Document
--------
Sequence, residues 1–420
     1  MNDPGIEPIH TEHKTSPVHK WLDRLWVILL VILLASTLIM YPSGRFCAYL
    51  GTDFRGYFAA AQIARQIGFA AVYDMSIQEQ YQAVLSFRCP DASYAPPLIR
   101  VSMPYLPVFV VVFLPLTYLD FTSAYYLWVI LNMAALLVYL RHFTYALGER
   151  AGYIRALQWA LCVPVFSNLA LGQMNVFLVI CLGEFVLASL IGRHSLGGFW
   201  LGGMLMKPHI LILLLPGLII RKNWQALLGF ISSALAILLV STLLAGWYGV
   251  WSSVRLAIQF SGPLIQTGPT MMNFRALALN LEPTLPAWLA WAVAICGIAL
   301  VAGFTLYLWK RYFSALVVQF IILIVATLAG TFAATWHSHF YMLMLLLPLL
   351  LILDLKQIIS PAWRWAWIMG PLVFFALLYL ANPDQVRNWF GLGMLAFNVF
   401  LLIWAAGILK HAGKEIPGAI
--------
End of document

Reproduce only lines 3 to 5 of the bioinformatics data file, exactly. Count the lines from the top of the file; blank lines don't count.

    51  GTDFRGYFAA AQIARQIGFA AVYDMSIQEQ YQAVLSFRCP DASYAPPLIR
   101  VSMPYLPVFV VVFLPLTYLD FTSAYYLWVI LNMAALLVYL RHFTYALGER
   151  AGYIRALQWA LCVPVFSNLA LGQMNVFLVI CLGEFVLASL IGRHSLGGFW